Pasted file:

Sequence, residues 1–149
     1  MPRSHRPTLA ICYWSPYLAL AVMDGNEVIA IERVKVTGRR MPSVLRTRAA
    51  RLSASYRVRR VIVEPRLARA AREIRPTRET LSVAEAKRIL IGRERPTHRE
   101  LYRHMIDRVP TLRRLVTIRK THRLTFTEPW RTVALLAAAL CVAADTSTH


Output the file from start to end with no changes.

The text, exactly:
Sequence, residues 1–149
     1  MPRSHRPTLA ICYWSPYLAL AVMDGNEVIA IERVKVTGRR MPSVLRTRAA
    51  RLSASYRVRR VIVEPRLARA AREIRPTRET LSVAEAKRIL IGRERPTHRE
   101  LYRHMIDRVP TLRRLVTIRK THRLTFTEPW RTVALLAAAL CVAADTSTH